Cartography studies the representation of the Earth's surface with abstract symbols. It can be said, without much controversy, that cartography is the seed from which the larger field of Geography grew. Most geographers will cite a childhood fascination with maps as an early sign they would end up in the field. Although other subdisciplines of geography rely on maps for presenting their analyses, the actual making of maps is abstract enough to be regarded separately. Cartography has grown from a collection of drafting techniques into an actual science. Cartographers must learn cognitive psychology and ergonomics to understand which symbols convey information about the Earth most effectively, and [behavioral psychology] to induce the readers of their maps to act on the information. They must learn geodesy and fairly advanced mathematics to understand how the shape of the Earth affects the distortion of map symbols projected onto a flat surface for viewing.
Geographic Information Systems deals with the storage of information about the Earth for automatic retrieval by a computer, in an accurate manner appropriate to the information's purpose. In addition to all of the other subdisciplines of geography, GIS specialists must understand computer science and database systems. GIS has so revolutionized the field of cartography that nearly all mapmaking is now done with the assistance of some form of GIS software.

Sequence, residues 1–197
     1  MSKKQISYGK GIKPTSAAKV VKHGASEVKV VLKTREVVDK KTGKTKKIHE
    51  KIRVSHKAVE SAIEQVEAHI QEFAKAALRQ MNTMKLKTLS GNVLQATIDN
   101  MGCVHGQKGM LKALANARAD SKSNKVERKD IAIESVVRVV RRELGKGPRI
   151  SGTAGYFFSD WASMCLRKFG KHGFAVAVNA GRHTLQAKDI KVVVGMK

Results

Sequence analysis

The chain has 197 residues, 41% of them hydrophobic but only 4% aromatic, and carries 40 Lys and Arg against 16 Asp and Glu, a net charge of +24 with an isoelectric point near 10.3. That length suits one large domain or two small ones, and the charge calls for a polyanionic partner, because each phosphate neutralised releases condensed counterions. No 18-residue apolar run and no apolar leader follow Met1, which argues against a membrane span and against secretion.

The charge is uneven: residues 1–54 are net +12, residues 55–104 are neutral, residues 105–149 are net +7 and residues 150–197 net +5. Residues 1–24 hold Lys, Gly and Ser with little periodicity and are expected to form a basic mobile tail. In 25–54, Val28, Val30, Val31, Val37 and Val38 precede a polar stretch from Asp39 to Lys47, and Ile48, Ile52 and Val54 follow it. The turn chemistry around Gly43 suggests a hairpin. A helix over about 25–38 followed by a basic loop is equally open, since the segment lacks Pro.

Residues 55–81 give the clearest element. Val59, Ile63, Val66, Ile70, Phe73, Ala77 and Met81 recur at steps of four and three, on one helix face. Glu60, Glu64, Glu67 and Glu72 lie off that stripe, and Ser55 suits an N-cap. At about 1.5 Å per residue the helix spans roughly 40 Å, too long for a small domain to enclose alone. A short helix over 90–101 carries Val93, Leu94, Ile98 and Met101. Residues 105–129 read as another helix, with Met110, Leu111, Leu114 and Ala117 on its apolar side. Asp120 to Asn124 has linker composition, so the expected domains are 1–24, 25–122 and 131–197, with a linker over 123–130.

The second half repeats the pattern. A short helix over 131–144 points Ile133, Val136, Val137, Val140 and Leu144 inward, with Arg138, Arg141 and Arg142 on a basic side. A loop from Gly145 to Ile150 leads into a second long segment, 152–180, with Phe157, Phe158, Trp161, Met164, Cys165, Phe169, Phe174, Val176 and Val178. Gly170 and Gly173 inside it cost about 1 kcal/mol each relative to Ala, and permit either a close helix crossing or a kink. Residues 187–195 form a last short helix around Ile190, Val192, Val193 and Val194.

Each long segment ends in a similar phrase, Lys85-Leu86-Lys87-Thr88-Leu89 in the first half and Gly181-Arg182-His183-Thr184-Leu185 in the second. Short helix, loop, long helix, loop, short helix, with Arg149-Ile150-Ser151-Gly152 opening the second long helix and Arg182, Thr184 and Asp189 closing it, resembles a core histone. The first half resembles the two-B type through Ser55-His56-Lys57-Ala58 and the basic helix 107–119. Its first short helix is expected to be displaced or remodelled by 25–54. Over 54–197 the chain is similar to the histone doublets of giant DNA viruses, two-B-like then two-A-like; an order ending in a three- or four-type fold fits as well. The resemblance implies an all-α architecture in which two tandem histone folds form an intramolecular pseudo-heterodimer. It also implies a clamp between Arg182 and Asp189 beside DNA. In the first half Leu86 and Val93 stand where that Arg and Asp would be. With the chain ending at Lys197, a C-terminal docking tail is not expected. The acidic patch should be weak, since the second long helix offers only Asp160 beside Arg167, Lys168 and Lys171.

Geographic quantitative methods deal with numerical methods peculiar to (or at least most commonly found in) geography. In addition to spatial analyses, you are likely to find things like cluster analysis, discriminant analysis, and non-parametric statistical tests in geographic studies.
Urban planning and regional planning use the science of geography to assist in determining how to develop (or not develop) the land to meet particular criteria, such as safety, beauty, economic opportunities, the preservation of the built or natural heritage, etcetera. The planning of towns, cities and rural areas may be seen as applied geography although it also draws heavily upon the arts, the sciences and lessons of history. Some of the issues facing planning are considered briefly under the headings of rural exodus, urban exodus and Smart Growth.
In the 1950s the regional science movement arose, led by Walter Isard to provide a more quantitative and analytical base to geographical questions, in contrast to the more qualitative tendencies of traditional geography programs. Regional Science comprises the body of knowledge in which the spatial dimension plays a fundamental role, such as regional economics, resource management, location theory, urban and regional planning, transportation and communication, human geography, population distribution, landscape ecology and environmental quality